Often, careexposes the nurses to various situations because they have to becompassionate and offer the patients the guidance they might need. Inmost cases, the patients might feel like they are giving up and themotivations will empower them and give them the courage to face thechallenges. However, the same scenario tends to affect the nursesthat are committed to the processes, and they are forced to bevulnerable so that they can assist the patients. In some cases, theywill even undergo emotional suffering when the patient succumbs tothe pain and injuries they had. In some cases, the ethical dilemmasmight even undermine their care delivery since they are forced toconsider various options.
The aim ofthis research is to identify the nurses’ experience while exploringhow their vulnerability and suffering will affect their ethicalformation and the ability to help the patient in dealing with theirchallenges.
How does thesuffering of the patient influence the vulnerability of the nursesand their ethical formation and the ability to deal with thechallenges that they are facing?
The findingsdetermine the ethical formation largely relies, on theirqualification as well as the experience they have gained over theyears. Vulnerability shows how they tend to distance themselves fromtheir needs and focus on addressing the suffering of the patient.However, the nurses insisted that the courage to assist the patientsin dealing with their vulnerability is the most important aspect(Thorup et al., 2012). At times, being witness to the patient’ssuffering might a difficult thing, and they do need the courage to doso. Lastly, they also do want to trust themselves when they areproviding the necessary professional assistance.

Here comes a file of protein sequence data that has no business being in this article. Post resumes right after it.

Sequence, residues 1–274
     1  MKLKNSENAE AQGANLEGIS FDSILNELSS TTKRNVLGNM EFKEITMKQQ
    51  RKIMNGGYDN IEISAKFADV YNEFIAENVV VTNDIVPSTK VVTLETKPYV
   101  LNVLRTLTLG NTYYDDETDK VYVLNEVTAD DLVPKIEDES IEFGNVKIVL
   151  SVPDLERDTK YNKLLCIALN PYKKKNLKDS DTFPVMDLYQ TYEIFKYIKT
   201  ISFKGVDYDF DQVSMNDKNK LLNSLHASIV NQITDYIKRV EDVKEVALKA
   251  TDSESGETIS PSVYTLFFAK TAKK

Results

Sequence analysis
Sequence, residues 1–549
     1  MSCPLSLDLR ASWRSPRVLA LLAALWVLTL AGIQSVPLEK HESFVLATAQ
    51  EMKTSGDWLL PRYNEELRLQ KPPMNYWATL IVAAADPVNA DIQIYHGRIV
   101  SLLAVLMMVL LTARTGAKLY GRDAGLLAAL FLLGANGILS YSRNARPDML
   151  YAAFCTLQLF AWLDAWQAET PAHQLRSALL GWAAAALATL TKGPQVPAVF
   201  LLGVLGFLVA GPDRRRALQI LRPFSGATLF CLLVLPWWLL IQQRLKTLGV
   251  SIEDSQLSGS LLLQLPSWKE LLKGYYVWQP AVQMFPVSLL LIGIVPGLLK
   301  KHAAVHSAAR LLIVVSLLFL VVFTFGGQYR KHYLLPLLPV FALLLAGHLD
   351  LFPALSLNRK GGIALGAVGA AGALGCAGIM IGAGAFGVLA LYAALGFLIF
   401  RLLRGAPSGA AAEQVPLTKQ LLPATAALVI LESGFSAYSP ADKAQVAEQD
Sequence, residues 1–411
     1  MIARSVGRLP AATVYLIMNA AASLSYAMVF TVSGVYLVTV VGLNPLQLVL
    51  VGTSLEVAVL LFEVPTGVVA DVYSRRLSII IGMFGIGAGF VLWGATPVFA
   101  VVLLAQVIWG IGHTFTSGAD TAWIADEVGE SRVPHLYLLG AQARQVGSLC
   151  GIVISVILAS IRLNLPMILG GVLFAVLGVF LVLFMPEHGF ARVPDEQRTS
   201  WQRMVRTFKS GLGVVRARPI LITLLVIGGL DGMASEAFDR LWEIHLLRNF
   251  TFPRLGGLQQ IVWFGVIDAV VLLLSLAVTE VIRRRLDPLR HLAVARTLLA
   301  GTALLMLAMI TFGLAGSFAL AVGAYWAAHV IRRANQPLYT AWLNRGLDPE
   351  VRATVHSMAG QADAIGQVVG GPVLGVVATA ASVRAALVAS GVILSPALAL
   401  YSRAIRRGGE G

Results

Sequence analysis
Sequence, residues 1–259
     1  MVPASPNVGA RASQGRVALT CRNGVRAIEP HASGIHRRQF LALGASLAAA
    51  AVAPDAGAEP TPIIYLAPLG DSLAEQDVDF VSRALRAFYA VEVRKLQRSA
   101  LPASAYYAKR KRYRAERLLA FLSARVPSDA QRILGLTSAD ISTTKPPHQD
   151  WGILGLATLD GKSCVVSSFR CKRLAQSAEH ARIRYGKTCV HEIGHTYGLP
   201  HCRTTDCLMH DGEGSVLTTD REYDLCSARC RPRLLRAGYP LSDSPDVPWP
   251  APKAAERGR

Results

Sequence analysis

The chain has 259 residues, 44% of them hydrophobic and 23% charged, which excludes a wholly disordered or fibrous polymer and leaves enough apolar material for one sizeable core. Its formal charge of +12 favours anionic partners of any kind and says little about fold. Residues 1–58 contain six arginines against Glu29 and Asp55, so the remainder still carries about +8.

The paper has included citations from other peer-reviewed articlesthat have facts and experiences of other nurses. In the process, itis easier to determine how most nurses deal with the challenges andthe way they strengthen their ethical formation as well. Moreimportant, the approach used also reveals the statistics that provehow courage is an integral aspect
In conclusion, the papers rely on the qualitative and quantitativeresearch to highlight various situations that the nurses face and howthey should face them. For instance, they are forced to expose theirvulnerabilities while dealing with the patients because they end upbeing committed to the activities. On the other hand, the violence inthe clinical setting also urges the management to initiate measuresthat will protect them against any such happenings.
Spector, P. E., Zhou, Z. E., & Che, X. X. (2014). Nurse exposureto physical and nonphysical violence, bullying, and sexualharassment: A quantitative review. International Journal ofNursing Studies, 51(1), 72-84.
Thorup, C. B., Rundqvist, E., Roberts, C., & Delmar, C. (2012).Care as a Matter of Courage: Vulnerability, Suffering and EthicalFormation in Nursing Care. Scandinavian Journal of CaringSciences, 26 (3), 427-435.